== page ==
• [commented] Current text: "This document does not define the term "accessible" nor accessibility, but uses them with the sense they have in [WCAG]". Proposed change: use term plural and use quotes for both accessible and accessibility. That would say: "This document does not define the terms "accessible" nor "accessibility", but uses them with the sense they have in [WCAG]".{Sylvie, 7 Sept, 2013}
    I agree with the edit, but additionally 'nor' should become 'or' {ipouncey, 8 Sept}

Use Cases and Requirements

  • [commented] The leading paragraph to the use cases seems very confusing, terms like "everyday work" and "replaces an image" are unlikely to be clearly understood. Suggest changing the paragraph:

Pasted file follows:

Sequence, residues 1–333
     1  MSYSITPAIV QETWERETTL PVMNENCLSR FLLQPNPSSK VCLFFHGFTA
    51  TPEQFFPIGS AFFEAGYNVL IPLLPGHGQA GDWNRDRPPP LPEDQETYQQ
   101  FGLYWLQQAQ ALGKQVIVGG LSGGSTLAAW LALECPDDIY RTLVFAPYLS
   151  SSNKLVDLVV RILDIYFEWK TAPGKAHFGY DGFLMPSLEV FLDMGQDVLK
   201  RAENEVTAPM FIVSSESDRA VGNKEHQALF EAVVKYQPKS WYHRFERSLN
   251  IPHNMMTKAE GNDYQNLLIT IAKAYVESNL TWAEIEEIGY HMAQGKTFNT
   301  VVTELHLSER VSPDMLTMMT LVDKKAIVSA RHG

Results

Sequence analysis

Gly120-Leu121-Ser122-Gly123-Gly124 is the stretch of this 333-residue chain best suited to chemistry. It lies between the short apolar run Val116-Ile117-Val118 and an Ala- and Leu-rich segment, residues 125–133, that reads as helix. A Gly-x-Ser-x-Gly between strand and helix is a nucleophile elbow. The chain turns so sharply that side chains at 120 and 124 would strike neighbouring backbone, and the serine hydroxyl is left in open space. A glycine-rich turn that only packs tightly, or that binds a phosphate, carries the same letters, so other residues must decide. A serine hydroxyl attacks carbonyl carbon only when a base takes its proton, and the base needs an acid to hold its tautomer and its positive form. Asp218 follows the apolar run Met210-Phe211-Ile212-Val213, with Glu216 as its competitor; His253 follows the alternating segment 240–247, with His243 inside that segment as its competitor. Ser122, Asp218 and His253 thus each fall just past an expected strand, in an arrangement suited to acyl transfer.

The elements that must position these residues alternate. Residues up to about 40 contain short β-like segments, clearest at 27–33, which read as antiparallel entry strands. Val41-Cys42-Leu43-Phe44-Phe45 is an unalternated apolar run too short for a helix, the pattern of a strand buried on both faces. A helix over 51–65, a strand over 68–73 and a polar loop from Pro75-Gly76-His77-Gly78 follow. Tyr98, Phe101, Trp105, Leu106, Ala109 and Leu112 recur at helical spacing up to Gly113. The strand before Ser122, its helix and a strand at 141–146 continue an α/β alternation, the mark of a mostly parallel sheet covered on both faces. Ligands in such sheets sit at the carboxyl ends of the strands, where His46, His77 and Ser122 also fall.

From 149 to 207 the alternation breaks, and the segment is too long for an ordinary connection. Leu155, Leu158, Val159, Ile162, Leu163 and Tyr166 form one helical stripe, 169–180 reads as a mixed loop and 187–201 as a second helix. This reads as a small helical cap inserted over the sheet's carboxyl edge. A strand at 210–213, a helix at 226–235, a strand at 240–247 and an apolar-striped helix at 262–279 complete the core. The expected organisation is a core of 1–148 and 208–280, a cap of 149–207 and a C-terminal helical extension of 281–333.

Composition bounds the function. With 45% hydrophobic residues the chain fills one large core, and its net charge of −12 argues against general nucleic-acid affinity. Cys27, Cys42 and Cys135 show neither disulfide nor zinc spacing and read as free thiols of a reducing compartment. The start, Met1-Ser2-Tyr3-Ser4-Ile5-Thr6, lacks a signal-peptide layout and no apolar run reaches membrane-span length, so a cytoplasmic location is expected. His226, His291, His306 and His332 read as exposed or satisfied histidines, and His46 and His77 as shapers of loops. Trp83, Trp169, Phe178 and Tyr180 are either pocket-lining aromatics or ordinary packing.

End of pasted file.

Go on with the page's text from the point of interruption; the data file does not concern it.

"There are many ways users can successfully interact with images even if they cannot see, or see well. The alt attribute is designed to ensure that for everyday work, a user has enough information to replace an image, and often this is more helpful than a detailed description of every image. The longdesc attribute is designed to complement this functionality, to meet the following use cases."

    To:

    Text alternatives are required so that users can successfully understand and interact with images even if they cannot see, or see well. The alt attribute is designed to contain a short description. This is sufficient for most images, and should provide enough information to ensure that users understand the image's purpose. Where an image contains more information than can be contained in a short description, the longdesc attribute is designed to complement this functionality, to meet the following use cases.